Effect of Refrigerant Oil Additive on R134a and R123 Boiling Heat Transfer Performance and Related Issues for GSA.
Effect of Refrigerant Oil Additive on R134a and R123
Boiling Heat Transfer Performance and Related Issues for
Kedzierski, M. A.
NISTIR 7132; 63 p. June 2004.
refrigerants; additives; heat transfer; alternative
refrigerants; boiling; enhanced heat transfer;
fluorescence; non-adiabatic lubricant excess surface;
refrigerants/lubricant mixtures; polyolester lubricant;
naphthenic mineral oil
This paper investigates the effect that an additive had
on the boiling performance of an R134a/polyolester
lubricant (POE) mixture and an R123/naphthenic mineral
oil mixture on a roughened, horizontal flat surface.
Both pool boiling heat transfer data and lubricant
excess surface density data are given for the mixture of
R134a and a POE for before and after the addition of the
additive. A spectrofluorometer was used to measure the
lubricant excess density that was established by the
boiling of an R134a/POE lubricant (98% by mass/2% by
mass) mixture on a flat boiling test surface. The
measurements obtained from the spectrofluorometer
suggest that the additive increases the total mass of
lubricant on the boiling surface. The heat transfer data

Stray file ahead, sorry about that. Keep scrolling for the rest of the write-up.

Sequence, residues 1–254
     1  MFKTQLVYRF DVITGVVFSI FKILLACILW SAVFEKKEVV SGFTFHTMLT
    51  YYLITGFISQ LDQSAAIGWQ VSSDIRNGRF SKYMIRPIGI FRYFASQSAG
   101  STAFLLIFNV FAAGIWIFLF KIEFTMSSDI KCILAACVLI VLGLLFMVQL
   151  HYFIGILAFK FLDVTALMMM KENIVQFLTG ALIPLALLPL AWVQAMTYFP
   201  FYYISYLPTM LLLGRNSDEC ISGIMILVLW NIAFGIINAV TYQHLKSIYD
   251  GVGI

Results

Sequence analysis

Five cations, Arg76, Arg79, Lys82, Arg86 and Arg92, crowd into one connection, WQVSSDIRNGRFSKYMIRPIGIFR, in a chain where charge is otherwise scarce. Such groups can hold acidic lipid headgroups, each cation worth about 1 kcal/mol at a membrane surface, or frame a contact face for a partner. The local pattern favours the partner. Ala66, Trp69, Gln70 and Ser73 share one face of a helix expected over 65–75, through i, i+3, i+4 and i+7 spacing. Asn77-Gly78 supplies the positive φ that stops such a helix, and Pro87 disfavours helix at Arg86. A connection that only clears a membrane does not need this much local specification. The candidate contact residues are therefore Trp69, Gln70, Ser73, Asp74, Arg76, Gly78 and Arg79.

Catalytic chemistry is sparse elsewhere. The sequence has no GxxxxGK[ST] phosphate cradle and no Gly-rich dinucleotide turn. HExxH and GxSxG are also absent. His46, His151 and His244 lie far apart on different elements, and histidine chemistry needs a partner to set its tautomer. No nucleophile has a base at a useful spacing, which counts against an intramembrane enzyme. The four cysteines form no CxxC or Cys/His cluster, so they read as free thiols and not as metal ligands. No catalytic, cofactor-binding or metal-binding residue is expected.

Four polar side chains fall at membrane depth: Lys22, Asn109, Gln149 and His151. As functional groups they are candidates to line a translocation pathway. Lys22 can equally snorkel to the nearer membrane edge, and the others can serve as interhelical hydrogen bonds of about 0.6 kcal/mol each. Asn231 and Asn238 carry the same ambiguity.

shows that the additive caused an average and a maximum
enhancement of the R134a/POE heat flux between 5 kW/m2
and 22 kW/m2 of approximately 73% and 95%, respectively.
Conversely, for nearly the same heat flux range, the
additive caused essentially no change in the pool
boiling heat flux of an R123/mineral oil mixture. In
addition, a maximum degradation of the heat flux for the
R123/mineral oil mixture was observed to be
approximately 27% at a heat flux of 73 kW/m2. The
lubricant excess surface density and interfacial surface
tension measurements were used to hypothesize a physical
explanation for the enhancement/degradation mechanism
associated with large liquid-vapor surface-tension
additives. The results of a compatibility study of the
additive with common refrigerants and lubricants are
included along with a survey of chiller manufactures on
the use of additives.